Compliance cost awareness: The average cost of defending an FMLA lawsuit is $80,000.That doesn’t include back wages, potential discrimination lawsuits, penalties issued by the Department of Labor during audits, or the costs of negative publicity on your business’s reputation. Not to mention the business operational and productivity disruption during an investigation or lawsuit. What is your team’s likelihood of non-compliance in an in-house versus an outsourcing approach?

Are you considering outsourcing?

Suppose your analysis leans toward outsourcing your leave management. Considering several elements can help facilitate a seamless transition and effective operation. Outsourcing doesn’t equate to completely removing your team from the process. Before taking the plunge, first get your house in order.

Your outsourcing partner will need you to have clearly defined and well-documented leave policies to guide the outsourcing process. This should include:

  • Accrual and utilization policies and notification period
  • Contact information for the individuals responsible for addressing leave-related inquiries
  • Employee documentation requirements
  • Outlining the different types of leave available at your organization
  • Return-to-work guidelines
  • The approval processes

A dedicated in-house HR resource still plays a crucial role in overseeing and managing the outsourced processes. It ensures they align with the organization’s specific needs and policies. They can also help build practical managerial training and communication channels with employees to provide clarity and understanding of the new processes among the workforce before the rollout.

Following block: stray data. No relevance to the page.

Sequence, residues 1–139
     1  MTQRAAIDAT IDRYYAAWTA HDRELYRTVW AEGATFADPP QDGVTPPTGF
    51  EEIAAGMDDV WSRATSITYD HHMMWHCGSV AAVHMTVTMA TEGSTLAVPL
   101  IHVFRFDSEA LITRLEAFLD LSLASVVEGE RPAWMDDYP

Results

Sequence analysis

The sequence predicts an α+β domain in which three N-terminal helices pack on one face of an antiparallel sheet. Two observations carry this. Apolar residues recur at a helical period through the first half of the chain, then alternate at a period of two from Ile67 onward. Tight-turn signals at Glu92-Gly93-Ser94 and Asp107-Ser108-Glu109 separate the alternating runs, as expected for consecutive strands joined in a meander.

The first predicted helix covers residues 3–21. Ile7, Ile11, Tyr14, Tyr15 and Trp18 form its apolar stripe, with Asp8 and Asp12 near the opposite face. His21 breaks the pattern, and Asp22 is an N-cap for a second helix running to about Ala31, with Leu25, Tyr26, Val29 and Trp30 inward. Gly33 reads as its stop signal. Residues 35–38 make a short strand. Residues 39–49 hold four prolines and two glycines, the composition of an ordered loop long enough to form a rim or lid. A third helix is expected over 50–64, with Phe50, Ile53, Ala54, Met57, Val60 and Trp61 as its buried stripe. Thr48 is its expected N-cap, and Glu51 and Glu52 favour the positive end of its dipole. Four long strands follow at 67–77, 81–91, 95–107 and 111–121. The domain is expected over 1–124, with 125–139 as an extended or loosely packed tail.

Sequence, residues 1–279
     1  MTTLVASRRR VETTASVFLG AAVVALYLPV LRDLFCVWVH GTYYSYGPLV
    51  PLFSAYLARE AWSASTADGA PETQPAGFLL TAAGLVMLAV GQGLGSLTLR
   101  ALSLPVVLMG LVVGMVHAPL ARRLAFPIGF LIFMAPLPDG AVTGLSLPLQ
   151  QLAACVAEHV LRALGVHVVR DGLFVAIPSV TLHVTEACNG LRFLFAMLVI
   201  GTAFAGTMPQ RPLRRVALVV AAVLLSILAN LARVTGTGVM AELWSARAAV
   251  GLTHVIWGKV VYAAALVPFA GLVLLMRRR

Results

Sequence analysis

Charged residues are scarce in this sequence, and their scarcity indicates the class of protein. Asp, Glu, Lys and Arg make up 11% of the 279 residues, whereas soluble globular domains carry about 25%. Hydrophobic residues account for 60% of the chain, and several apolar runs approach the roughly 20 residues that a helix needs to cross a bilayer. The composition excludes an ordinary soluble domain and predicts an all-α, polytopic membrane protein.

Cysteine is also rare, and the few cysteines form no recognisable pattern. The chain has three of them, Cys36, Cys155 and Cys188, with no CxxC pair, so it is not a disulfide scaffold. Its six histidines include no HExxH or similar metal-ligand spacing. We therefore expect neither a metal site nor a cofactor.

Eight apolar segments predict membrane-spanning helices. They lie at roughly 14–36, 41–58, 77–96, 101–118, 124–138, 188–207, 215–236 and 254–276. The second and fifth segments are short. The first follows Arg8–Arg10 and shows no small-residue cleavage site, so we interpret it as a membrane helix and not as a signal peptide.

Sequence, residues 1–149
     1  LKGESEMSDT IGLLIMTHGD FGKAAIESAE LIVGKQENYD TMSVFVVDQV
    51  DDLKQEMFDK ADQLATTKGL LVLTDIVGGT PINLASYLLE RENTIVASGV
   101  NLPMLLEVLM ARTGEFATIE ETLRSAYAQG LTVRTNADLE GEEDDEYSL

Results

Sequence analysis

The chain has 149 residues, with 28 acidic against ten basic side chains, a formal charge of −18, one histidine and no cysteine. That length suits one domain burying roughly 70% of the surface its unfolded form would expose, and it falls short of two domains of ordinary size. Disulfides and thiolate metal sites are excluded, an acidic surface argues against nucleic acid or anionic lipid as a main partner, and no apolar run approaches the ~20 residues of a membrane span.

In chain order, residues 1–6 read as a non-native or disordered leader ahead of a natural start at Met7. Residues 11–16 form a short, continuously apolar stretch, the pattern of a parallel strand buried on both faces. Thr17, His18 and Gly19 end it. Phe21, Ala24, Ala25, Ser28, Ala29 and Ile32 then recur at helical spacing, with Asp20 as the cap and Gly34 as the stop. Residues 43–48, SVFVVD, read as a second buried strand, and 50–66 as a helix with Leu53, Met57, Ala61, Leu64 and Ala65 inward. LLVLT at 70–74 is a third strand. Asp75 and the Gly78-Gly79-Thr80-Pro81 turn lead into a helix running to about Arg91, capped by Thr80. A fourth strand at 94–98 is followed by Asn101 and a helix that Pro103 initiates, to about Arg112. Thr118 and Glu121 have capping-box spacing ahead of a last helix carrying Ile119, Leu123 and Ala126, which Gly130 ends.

Many vendors will also require technology implementation, usually at least an eligibility data feed for integration. The digital submission of income and salary information is often necessary for paid benefits. Your outsourcing partner will also need clear and accurate financial instructions on what payments you need to make.

Selecting your outsourcing partner

The market offers a variety of carriers, and it’s essential to consider factors such as diversity and quantity when doing your due diligence on outsourcing options. Here are three key considerations to guide your search:

Timeline: Always allow for more time than you anticipate needing in your search and implementation process. We recommend starting the request for proposal (RFP) process for a January 1st initiation by May, if not earlier. Carriers typically require 120-day implementation periods, so decision-making should take place in the summer.

Comprehensive RFPs: Include questions in your RFP to help you determine cultural alignment, communication strategies, timelines for claims, call center operations, and payment processes. You should also outline how the carrier will work with your internal team and how easy it is for your employees to use it. Emphasize your business pain points within the RFP, and make sure the vendor you select addresses them and their solutions.

References: Collect references from the leave management vendors you’re considering. This can help you gain deeper insights into a vendor’s performance and reliability.

How Marsh McLennan Agency can help

Keeping leave management in-house or outsourcing requires a thorough analysis of your organization, HR team capacity, culture, and cost implications. Finding the right outsourcing partner is an additional process.

Our team of experienced advisors is here to guide you toward a successful future, providing deep insights and strategic solutions tailored to your needs. Let us help you navigate the complexities of outsourcing and unlock new growth opportunities.

Contact one of our Employee Health & Benefits consultants today to determine if outsourcing is right for your business.

Download our ADL Benchmarking report to see how your time-away policies compare to other companies.